Diamonds and Platinum Shine in Anglo American Second Quarter Production
LONDON, July 20 (Reuters) – Anglo American (AAL.L) production rose 20% in the second quarter, helped by higher production of platinum and diamonds, the miner said on Tuesday, despite operations functioning to 95% of full capacity because of COVID-19 related disruptions.
Production of rough diamonds increased 134% from the same period last year as consumer demand recovered, while the production of platinum group metals from the South African unit Anglo American Platinum (AMSJ.J) rose 59% to 1.06 million ounces.
Copper production rose 2% to 170,000 tonnes thanks to increased production at Chile’s largest Anglo mine, Los Bronces.
Anglo expects copper production to reach between 650,000 tonnes and 680,000 tonnes this year. This compares to the previous forecast of 640,000 to 680,000 tonnes.
Anglo shares were up 1.8% as of 07:15 GMT.
The production of iron ore and manganese also increased, while the production of coal and nickel declined.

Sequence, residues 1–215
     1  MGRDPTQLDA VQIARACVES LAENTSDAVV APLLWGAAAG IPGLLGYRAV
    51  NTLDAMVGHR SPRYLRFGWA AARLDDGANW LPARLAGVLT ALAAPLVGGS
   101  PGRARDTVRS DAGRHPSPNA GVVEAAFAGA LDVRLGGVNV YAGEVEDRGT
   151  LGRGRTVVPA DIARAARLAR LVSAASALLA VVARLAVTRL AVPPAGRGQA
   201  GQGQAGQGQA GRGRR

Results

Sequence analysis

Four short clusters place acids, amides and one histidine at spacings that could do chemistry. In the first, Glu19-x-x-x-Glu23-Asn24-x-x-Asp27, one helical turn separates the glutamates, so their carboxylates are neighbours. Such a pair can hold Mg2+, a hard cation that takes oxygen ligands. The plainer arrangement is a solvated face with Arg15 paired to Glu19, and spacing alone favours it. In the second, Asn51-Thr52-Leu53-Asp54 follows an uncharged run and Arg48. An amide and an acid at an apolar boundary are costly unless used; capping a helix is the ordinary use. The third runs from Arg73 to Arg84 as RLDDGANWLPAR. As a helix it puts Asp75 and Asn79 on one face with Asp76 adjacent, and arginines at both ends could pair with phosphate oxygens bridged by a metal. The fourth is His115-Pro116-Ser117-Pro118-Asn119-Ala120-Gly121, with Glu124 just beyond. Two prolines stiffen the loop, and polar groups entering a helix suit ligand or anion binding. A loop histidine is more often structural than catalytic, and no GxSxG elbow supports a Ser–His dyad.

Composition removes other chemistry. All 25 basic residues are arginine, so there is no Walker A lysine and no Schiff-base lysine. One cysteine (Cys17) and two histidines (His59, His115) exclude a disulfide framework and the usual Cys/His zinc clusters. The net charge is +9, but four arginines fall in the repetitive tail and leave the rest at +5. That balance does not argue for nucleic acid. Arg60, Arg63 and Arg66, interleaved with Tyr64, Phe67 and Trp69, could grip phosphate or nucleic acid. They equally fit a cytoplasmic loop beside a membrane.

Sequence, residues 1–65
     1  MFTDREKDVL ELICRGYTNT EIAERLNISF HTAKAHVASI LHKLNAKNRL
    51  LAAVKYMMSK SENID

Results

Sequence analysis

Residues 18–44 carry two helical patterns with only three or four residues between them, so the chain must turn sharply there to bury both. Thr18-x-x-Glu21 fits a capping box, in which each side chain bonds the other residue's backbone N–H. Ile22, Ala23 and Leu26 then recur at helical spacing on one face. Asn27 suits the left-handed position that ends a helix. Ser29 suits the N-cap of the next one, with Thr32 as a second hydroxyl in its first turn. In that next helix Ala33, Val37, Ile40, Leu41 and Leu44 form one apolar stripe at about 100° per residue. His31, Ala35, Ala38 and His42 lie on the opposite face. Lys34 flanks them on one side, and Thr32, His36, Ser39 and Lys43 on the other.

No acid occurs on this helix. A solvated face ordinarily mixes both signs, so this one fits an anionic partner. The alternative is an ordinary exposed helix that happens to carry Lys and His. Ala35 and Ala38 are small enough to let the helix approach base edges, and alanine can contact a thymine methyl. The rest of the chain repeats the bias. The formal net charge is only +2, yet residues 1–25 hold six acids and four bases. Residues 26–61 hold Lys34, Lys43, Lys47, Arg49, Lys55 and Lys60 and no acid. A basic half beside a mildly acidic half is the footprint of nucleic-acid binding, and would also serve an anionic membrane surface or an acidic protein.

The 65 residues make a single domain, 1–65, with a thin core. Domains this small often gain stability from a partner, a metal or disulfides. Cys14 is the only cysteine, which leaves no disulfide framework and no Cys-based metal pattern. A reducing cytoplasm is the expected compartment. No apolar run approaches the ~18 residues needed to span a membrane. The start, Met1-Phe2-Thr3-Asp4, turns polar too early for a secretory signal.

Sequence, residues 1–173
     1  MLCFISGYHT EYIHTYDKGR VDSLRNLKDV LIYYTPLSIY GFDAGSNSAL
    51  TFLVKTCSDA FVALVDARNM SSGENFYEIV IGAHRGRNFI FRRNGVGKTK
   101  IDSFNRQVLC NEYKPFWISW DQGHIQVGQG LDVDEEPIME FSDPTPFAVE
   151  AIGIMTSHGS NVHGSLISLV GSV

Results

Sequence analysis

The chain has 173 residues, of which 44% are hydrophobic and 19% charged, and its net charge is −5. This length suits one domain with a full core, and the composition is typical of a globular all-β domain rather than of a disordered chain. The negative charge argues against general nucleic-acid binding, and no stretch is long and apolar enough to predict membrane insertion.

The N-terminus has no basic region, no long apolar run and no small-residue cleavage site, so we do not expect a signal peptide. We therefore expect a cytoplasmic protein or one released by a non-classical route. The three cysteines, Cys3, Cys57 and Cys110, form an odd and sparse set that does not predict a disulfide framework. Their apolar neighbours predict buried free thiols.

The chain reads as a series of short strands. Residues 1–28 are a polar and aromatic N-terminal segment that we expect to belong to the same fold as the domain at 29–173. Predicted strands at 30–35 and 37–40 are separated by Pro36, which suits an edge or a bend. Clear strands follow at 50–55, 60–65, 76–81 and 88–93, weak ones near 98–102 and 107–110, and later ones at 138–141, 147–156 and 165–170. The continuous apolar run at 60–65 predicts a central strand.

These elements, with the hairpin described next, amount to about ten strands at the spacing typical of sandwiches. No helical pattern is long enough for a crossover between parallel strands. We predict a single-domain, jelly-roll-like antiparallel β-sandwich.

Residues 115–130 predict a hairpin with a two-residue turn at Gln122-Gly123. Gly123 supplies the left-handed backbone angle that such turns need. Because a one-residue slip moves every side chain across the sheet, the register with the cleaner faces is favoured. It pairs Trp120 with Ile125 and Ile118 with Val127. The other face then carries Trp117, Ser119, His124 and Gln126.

The miner has tightened its annual production targets for diamonds to 32-33 million carats from 32-34 million previously, and for platinum group metal concentrates to 4.2-4.4 million ounces, from 4.2-4.6 million previously.
“All things considered, Anglo appears to be performing relatively well,” Jefferies analysts said.
Metallurgical coal production fell 25% in the second quarter to 3 million tonnes.
Anglo American restarted underground mining at its Moranbah North metallurgical coal mine in Australia in June after a shutdown due to high gas levels.
He said its Grosvenor coal mine, also in Australia and which was suspended after an explosion in May 2020, is expected to restart at the end of this year.
The London-listed miner sold its South African thermal coal business to a new company in June and agreed to sell its stake in Colombian company Cerrejon, preparing to complete its transition out of the fossil-fueled assets. more polluting. find out more[nL5N2NP1IB[nL5N2NP1IB[nL5N2NP1IB[nL5N2NP1IB
Reporting by Clara Denina and Helen Reid, editing by Mark Potter
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